Infections with Penicillium spp are rare in domestic animals. However, the fungus has been isolated from a case of feline dermatosis; from orbital cellulitis and sinusitis with pneumonia in another cat; from invasive destructive disease of nasal tissues in dogs; from invasive lesions in the lungs, air sacs, liver, and other tissues in captive toucanets (P griseofulvum); and from systemic disease in bamboo rats (P marneffei) in southeast Asia. Penicillium spp are widely distributed in nature and are found in soils, grains, and various foods and feeds.
Clinical Findings and Lesions
Dogs with nasal penicilliosis have chronic sneezing and an acute to chronic nasal discharge that varies from intermittent hemorrhagic to intermittent or continuous mucoid or mucopurulent. Radiographic findings include areas of turbinate destruction with increased radiolucency. Grossly, the nasal mucosa has foci of necrosis and ulceration; microscopically, fungal hyphae may form a thick mat over an intact mucosa adjacent to these foci.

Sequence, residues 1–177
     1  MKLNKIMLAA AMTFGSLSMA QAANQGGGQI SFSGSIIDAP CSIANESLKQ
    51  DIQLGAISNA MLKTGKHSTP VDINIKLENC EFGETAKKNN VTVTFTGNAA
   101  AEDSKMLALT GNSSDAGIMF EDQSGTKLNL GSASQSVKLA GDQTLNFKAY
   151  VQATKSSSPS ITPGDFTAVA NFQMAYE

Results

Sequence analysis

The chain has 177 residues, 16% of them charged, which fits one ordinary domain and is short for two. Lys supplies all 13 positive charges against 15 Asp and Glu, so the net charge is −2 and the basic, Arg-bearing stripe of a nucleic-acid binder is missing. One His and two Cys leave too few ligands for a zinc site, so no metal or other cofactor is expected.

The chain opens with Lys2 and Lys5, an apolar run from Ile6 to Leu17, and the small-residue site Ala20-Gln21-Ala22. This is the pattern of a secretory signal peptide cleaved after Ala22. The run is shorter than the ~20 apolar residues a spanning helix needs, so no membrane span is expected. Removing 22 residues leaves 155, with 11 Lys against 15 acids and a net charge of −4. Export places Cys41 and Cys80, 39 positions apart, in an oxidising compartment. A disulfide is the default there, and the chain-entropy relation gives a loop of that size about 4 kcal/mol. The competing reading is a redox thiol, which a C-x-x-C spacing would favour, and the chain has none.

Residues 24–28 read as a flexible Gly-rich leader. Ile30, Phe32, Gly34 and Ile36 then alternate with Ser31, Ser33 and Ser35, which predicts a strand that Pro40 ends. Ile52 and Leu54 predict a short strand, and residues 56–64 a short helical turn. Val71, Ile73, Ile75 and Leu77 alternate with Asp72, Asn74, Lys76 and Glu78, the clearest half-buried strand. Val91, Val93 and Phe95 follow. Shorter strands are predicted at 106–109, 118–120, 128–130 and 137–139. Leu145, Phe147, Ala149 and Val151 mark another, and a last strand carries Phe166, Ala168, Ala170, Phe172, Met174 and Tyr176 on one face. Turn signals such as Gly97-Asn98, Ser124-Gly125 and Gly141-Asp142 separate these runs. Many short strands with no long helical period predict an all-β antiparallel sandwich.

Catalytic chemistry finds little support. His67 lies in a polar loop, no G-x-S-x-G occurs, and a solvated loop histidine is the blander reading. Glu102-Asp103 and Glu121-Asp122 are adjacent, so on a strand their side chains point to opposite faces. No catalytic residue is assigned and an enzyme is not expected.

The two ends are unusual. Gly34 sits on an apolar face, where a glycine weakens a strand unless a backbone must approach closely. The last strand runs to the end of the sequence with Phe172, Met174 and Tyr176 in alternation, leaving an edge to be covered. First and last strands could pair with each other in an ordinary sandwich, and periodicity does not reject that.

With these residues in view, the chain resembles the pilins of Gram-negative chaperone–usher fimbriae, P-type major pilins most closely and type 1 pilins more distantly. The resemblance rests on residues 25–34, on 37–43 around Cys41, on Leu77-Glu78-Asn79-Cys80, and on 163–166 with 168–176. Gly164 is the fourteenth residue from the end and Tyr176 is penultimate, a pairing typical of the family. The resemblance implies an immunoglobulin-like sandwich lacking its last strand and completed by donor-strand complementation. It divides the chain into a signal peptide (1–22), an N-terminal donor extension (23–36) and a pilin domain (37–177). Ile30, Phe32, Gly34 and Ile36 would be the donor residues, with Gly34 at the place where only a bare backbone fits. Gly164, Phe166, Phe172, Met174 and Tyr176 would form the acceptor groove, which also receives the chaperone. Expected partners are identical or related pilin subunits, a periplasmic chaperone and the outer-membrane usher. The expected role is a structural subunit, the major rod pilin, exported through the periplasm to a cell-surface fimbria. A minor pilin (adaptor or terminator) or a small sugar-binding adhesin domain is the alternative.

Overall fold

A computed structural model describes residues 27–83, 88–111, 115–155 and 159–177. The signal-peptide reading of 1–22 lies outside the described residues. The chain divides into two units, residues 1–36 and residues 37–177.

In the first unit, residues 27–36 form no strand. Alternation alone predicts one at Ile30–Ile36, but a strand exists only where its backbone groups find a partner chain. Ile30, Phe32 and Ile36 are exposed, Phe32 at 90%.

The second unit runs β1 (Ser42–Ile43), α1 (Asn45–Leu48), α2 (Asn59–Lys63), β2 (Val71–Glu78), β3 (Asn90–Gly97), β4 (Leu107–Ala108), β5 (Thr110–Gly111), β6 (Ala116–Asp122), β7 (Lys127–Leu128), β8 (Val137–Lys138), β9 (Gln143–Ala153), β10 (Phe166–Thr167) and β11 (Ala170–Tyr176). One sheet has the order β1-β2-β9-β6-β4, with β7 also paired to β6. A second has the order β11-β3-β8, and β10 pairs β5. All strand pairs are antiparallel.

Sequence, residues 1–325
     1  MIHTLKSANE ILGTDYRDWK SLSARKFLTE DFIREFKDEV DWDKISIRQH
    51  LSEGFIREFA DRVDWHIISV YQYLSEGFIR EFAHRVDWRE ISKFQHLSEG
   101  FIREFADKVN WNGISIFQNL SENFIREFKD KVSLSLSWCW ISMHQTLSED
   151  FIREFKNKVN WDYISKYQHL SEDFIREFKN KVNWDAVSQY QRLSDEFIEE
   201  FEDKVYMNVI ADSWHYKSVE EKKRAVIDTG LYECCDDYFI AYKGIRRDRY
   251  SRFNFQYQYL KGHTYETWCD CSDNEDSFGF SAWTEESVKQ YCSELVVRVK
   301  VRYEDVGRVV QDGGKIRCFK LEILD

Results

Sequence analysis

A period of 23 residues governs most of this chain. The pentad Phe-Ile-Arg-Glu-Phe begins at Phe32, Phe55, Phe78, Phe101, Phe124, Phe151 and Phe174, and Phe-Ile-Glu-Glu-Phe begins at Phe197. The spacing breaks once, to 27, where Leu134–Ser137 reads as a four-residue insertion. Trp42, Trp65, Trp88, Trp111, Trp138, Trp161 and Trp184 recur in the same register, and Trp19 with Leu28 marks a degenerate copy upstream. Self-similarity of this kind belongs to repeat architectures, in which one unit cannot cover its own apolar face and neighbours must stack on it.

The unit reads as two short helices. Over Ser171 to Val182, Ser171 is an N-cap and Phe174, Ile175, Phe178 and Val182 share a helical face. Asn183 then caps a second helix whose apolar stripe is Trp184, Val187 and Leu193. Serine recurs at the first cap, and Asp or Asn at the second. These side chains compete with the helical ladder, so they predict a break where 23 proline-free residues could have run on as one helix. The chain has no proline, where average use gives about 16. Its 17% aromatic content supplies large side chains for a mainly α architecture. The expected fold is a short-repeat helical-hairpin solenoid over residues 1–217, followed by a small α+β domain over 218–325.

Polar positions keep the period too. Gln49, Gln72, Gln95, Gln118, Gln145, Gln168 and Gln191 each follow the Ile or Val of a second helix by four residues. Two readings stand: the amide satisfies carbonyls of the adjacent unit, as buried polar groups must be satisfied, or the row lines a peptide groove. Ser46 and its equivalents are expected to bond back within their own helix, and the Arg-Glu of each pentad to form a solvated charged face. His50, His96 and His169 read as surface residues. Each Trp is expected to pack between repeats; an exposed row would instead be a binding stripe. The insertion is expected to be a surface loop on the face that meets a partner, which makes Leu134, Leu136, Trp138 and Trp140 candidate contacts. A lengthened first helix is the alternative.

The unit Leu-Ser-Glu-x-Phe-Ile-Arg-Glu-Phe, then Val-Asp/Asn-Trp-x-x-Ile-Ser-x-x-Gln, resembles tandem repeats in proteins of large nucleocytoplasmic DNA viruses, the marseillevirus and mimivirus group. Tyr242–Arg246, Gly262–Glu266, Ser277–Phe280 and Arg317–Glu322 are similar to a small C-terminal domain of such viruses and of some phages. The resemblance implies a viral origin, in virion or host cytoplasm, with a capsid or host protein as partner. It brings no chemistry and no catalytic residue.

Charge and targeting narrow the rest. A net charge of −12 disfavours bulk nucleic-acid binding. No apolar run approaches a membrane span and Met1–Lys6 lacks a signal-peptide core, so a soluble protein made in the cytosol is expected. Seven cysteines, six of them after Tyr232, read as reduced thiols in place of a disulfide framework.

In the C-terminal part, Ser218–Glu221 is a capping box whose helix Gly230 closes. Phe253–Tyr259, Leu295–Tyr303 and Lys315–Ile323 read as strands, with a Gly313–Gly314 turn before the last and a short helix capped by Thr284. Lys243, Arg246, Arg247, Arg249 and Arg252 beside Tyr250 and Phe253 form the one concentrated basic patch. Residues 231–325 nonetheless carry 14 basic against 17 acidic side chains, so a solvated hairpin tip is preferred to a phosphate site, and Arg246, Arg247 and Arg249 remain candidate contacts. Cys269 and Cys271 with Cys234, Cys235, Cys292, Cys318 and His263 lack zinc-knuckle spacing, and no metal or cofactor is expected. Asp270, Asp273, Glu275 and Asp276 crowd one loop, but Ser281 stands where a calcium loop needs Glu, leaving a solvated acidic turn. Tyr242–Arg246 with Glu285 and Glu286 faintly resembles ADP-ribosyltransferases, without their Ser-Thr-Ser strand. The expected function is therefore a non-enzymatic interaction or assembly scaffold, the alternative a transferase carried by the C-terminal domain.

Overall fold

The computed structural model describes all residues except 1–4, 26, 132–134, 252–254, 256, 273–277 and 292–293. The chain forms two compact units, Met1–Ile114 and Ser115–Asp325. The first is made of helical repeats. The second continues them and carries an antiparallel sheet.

Diagnosis is based on fungal culture, character of the lesions and presence of fungal hyphae, and a positive agar-gel double-diffusion test. Cultural isolation of a Penicillium sp must be accompanied by demonstration of tissue invasion by the fungus for confirmation. In tissues, P marneffei closely resemble the yeast phase of Histoplasma capsulatum.
Surgical turbinectomy with curettage has been combined with flushing of the nasal cavity with 1% tincture of iodine or povidone-iodine (10:1) and oral thiabendazole. Fluconazole, 2.5–5.0 mg/kg/day for 2 mo, has been used to successfully treat some dogs with nasal penicilliosis.
Last full review/revision March 2012 by Joseph Taboada, DVM, DACVIM